Tuesday was an especially good day, as far as Veterans Days go, for Joe, nearly 85 years old and one of my retired pals at the mall food court.
Again, as he does for one or two days a year, usually on Memorial Day and Veterans Day, Joe Horvath was wearing his ball cap with the big letters spelling out PURPLE HEART on the crown.
The actual medal, earned in World War II combat in Italy, is kept in a safe place at his home.
I have written at length before about Joe, and this blog is not about him, rather it is about a few folks who are unashamed to let these brave military veterans know how much their service was appreciated.
Oh, I don t mean in big, extravagant ways like parades and public proclamations, but in smaller ways that are often unexpected, yet show the veterans a measure of someone s regard for them.
In this case, I don t even have the names of the two seniors I am writing about.
Neither does Joe.
You see, on the evening of Veterans Day, Joe was dining alone at the Elbo Room on Alexis Road. He goes there occasionally and is usually by himself since his wife died a couple of years ago. It was one of her favorite eateries.
Seated at a table nearby were two seniors, engaged in conversation. Joe didn t know who they were, nor was there any communication between Joe and the couple.
Joe, however, was certainly noticed by the pair.
When he finished his small pizza, he went to the cashier to pay for his meal and pulled out his wallet.
He was informed that the unknown couple, who had already departed, had taken care of his dinner tab and that he needn t pay a penny.
He asked why the two strangers had done that. The cashier pointed out that they had seen Joe s hat.
Joe, still flabbergasted, shared this experience over lunch at the mall the next day.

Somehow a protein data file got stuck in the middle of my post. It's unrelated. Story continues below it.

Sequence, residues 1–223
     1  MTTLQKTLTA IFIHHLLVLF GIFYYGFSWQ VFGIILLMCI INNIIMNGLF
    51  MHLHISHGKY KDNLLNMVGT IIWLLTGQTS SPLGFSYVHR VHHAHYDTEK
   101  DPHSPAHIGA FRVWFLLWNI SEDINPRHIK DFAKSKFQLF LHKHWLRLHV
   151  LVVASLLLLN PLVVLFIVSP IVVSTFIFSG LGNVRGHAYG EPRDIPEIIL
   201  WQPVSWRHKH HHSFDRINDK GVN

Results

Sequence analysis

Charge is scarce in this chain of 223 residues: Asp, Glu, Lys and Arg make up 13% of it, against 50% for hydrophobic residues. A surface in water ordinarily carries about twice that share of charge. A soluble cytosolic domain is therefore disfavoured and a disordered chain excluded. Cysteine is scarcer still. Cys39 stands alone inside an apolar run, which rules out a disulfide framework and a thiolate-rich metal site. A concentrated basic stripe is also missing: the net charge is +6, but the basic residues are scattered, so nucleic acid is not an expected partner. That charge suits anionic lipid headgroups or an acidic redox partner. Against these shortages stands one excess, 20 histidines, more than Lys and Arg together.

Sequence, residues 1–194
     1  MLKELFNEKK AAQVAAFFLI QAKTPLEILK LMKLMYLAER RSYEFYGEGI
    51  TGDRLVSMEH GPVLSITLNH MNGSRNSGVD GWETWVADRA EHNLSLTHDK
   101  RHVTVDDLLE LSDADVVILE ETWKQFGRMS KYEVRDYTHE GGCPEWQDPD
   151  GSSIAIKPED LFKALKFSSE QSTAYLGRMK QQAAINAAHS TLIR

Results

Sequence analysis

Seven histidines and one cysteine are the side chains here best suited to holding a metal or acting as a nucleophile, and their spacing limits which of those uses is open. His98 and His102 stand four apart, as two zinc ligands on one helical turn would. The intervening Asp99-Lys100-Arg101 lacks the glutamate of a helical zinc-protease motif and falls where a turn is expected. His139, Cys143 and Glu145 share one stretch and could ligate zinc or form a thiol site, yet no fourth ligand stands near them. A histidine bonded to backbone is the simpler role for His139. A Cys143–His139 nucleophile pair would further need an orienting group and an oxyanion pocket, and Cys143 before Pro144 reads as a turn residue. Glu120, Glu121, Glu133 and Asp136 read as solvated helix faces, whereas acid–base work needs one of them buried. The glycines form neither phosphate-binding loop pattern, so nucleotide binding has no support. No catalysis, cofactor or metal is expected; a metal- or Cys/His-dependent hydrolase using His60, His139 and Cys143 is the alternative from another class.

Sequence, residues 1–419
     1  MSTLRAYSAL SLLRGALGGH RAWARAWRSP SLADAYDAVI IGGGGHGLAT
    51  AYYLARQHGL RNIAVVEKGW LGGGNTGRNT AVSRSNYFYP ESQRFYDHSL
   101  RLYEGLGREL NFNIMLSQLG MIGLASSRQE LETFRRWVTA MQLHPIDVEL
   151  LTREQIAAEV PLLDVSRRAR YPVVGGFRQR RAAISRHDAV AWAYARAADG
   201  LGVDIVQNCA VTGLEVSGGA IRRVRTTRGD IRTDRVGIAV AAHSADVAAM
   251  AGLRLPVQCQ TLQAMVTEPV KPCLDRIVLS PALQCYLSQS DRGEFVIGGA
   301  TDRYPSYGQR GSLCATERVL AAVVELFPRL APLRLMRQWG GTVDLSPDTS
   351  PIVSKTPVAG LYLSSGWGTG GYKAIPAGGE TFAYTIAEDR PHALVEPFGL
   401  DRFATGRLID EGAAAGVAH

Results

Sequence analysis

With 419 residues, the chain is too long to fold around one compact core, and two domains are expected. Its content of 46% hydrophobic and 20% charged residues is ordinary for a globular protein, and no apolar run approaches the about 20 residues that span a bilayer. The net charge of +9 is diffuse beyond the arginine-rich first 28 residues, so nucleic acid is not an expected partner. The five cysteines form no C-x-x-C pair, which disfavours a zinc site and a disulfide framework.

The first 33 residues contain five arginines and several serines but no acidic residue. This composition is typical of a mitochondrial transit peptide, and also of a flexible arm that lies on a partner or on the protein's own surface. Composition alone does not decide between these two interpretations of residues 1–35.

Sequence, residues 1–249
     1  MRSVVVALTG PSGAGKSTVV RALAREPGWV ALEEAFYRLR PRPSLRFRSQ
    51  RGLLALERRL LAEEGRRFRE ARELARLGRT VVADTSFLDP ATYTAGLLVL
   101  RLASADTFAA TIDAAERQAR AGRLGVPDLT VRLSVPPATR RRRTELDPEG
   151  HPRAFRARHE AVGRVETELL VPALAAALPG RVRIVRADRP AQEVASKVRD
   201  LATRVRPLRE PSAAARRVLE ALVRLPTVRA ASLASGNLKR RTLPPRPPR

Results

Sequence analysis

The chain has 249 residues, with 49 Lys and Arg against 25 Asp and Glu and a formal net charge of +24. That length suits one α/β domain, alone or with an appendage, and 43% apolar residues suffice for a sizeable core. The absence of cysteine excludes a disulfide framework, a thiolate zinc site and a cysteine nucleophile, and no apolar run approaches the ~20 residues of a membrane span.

He genuinely appreciated the couple s gesture, but was sorely disappointed that he didn t know who they were or what they were doing at the time so he could thank them.
With a few words to pass on to Joe, my wife reminded me of the true spirit of Veterans Day so I could enlighten him the next day:
He didn t have to thank them. They were thanking him.
Earlier that day, the Chik-Fil-A in the mall food court was doing its part to let the veterans know how much they are appreciated.
With no fanfare but just a sign posted above the counter, Chik-Fil-A invited military veterans to step up and receive a free chicken sandwich on Veterans Day.
Joe hadn t even noticed the sign when he got to the counter to buy a soft drink. One of the employees, noticing the ball cap, asked him if he wanted his sandwich. Joe nodded. He later said that sandwich tasted particularly good.
Mike, who runs the Chik-Fil-A there, reported a total of 61 sandwiches given away Tuesday to military veterans.
By the way, no proof of military service was required to get a sandwich, just a statement by the recipient that he had been in the service.
Like the couple s actions at the Elbo Room, it was a gracious gesture by folks who also know how to say Thank You.
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